name property for built-in functions??

Allen Wirfs-Brock Allen.Wirfs-Brock at
Tue Mar 3 19:35:19 PST 2009

A quick post-script.  We could also give a different name, perhaps "identifier" if we don't want to trample over the existing FF and Chrome implementations.  Too bad "name" is such a good name for this functionality.

>-----Original Message-----
>From: es-discuss-bounces at [mailto:es-discuss-
>bounces at] On Behalf Of Allen Wirfs-Brock
>Sent: Tuesday, March 03, 2009 6:25 PM
>To: Brendan Eich; Maciej Stachowiak
>Cc: es-discuss at
>Subject: RE: name property for built-in functions??
>Strictly speaking, this issue seems to be more about
>Function.prototype.toString than it is about
>Here is what each of the 5 browsers in our regular test set does for
>each when called on a (new Function):
>(new Function).toString ==> "function anonymous() { }" assorted
>whitespace/new line variations
>   FF(3.0.6), Safari(3.1.2), Chrome(1.0) , IE (7):
>(new Function).toString ==> "function (){}"  (with various new lines
>   Opera(9.63)
>(function() {}).toString() ==> "function (){}"  (with various new lines
>   FF, Safari, Chrome, Opera
>(function() {}).toString() ==> "(function (){})"  (note the outer
>   IE
>(new Function).hasOwnProperty("name") ==> true
>(new Function).name ==> "anonymous"
>(function() {}).name ==> ""
>FF, Chrome
>(new Function).hasOwnProperty("name") ==> false
>Opera, Safari, IE
>Function.prototype.hasOwnProperty("name") ==> true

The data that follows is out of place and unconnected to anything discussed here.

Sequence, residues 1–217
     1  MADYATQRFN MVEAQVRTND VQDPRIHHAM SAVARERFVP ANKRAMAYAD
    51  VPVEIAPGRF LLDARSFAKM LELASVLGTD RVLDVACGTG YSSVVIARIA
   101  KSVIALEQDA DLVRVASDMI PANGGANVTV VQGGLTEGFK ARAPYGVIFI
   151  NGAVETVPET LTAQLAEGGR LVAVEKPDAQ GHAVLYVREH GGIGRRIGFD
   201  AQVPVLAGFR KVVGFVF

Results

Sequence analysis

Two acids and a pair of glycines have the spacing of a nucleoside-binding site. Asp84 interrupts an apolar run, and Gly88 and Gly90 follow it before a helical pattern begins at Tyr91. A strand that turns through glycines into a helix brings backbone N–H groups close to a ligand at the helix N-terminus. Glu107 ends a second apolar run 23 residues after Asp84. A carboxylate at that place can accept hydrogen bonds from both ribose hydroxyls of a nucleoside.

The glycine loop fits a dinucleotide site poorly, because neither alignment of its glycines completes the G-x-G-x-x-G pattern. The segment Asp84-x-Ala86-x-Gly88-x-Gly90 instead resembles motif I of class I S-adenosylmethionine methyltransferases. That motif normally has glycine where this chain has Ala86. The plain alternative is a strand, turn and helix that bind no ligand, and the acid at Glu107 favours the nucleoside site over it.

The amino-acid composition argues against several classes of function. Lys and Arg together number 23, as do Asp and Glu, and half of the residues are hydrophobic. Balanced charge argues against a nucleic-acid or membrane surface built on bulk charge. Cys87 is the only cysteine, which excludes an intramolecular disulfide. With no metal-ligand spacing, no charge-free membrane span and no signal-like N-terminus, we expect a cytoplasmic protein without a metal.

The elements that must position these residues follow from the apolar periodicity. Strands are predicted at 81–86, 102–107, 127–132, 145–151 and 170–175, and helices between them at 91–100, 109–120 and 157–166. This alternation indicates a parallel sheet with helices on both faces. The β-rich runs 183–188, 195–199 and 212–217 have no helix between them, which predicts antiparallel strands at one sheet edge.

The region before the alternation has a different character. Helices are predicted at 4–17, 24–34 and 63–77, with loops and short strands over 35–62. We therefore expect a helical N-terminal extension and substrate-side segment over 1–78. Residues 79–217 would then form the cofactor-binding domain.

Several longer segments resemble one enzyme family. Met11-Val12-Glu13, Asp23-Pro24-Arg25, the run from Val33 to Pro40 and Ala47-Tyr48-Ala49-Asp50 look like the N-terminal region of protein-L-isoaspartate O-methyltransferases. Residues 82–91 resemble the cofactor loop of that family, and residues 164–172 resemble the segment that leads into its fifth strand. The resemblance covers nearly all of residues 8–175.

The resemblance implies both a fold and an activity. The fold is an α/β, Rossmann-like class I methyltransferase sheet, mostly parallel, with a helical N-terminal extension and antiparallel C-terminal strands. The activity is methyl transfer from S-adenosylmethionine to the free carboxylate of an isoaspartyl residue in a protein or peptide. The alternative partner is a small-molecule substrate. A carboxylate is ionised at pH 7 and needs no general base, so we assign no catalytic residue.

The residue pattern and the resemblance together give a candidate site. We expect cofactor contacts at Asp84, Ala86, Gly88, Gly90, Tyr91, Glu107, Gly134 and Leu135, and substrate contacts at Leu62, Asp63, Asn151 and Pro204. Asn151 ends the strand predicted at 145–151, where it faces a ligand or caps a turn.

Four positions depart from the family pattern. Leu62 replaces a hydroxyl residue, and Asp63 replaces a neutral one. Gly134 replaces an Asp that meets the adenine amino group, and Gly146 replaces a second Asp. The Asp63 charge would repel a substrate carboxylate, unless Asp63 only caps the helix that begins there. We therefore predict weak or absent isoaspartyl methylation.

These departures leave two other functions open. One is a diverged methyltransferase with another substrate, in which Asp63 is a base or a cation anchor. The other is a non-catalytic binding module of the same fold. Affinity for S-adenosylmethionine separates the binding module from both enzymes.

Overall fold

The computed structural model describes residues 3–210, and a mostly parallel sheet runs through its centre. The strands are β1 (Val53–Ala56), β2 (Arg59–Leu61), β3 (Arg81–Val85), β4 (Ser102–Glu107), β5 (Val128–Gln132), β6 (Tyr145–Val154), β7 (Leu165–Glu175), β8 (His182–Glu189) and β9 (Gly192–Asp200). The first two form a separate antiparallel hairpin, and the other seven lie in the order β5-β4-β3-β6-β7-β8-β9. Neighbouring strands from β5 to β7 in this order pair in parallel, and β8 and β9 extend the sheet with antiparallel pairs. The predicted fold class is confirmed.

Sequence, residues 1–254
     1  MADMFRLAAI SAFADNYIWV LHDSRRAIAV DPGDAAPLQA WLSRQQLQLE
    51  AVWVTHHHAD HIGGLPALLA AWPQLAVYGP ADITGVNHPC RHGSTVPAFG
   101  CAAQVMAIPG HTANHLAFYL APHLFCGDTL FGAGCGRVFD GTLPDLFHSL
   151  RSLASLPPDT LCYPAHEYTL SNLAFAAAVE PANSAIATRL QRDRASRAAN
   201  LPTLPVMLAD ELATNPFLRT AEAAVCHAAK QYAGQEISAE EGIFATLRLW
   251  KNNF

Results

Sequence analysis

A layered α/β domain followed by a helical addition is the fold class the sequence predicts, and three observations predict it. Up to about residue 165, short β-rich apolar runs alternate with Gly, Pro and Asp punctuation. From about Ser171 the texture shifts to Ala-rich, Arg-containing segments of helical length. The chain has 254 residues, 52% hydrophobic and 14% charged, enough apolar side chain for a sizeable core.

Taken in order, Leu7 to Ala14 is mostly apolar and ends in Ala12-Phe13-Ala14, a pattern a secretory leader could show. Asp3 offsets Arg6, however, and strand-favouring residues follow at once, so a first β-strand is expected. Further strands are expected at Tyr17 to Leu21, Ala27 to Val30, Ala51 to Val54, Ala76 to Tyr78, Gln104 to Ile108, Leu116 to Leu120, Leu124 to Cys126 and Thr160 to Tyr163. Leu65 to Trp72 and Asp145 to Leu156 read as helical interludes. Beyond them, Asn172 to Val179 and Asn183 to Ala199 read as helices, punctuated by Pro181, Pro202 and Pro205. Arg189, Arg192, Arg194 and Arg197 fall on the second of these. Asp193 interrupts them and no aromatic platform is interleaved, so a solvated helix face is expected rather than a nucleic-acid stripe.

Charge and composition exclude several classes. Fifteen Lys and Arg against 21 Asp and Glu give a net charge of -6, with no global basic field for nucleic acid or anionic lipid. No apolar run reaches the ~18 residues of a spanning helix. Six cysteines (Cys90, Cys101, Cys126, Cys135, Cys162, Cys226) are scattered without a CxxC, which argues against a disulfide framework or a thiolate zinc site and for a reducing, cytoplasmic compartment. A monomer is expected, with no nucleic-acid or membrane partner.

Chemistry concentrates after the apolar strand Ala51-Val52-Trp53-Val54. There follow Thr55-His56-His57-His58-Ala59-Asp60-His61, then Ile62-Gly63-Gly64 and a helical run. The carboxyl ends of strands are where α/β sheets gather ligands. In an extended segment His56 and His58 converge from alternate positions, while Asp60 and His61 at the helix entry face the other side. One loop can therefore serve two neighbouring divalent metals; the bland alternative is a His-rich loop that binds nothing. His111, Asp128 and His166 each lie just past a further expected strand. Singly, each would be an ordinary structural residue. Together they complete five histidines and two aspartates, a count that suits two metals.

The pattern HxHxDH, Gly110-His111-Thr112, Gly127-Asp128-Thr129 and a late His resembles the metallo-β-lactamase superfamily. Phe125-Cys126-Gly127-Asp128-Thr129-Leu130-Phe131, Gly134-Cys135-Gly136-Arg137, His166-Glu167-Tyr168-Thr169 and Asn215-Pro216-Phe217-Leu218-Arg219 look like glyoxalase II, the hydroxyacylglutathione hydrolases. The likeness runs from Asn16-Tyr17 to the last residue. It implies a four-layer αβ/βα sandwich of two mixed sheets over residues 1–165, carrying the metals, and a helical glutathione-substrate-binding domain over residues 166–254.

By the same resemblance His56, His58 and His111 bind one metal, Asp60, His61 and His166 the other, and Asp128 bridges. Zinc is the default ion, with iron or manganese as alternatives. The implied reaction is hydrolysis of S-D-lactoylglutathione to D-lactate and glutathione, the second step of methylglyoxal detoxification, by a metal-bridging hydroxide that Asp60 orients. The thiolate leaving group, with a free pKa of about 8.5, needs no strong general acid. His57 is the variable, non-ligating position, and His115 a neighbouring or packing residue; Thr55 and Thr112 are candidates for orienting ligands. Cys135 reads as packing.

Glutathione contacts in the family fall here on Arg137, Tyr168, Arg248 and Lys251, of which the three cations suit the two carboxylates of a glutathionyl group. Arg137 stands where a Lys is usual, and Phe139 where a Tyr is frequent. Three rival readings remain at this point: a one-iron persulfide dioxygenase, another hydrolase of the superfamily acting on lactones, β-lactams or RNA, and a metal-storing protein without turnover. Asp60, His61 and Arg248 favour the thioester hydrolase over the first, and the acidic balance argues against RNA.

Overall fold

>  ==> ""
>   FF
>Function.prototype.hasOwnProperty("name") ==> true
>  ==> "Empty"
>   Chrome
>Function.prototype.hasOwnProperty("name") ==> false
>   Safari, Opera, IE
>ES3 says that Function.prototype.toString produces a string that has the
>syntax of a FunctionDeclaration and FunctionDeclaration must have an
>identifier in the function name position. All the implementation except
>for Opera comply and agree upon the name "anonymous" for anonymous
>functions created with (new Function).  This is a case where Opera is
>out of conformance with ES3 by generating what looks like a function
>expression rather than a function declaration. However, all of the
>browsers are out of conformance with ES3 for toString for anonymous
>functions created using a FunctionExpression.  IE throws in an extra set
>of parens in that case.
>The Es3 extension of a name property for functions only appear to be
>implemented  by FF and Chrome, and they disagree about the name of
>The ES specification of Function.prototype.toString clearly does not
>reflect reality. The goal is to achieve uniformity among implementations
>while minimizing impact upon existing code.  Given this, I propose that
>we modify the first paragraph of (Function.prototype.toString)
>with the
>An implementation-dependent >>>string<<< representation of the function
>is returned. This representation has the syntax of a
>>>>FunctionExpression<<<. Note in particular that the use and placement
>of white space, line terminators, and semicolons within the
>representation string is implementation-dependent. >>>If the function
>was created by evaluating a FunctionDeclaration then the returned
>representation must include the identifier from the FunctionDeclaration
>in the optional identifier position in the FunctionExpression.  If the
>function was created by a call to the standard built-in Function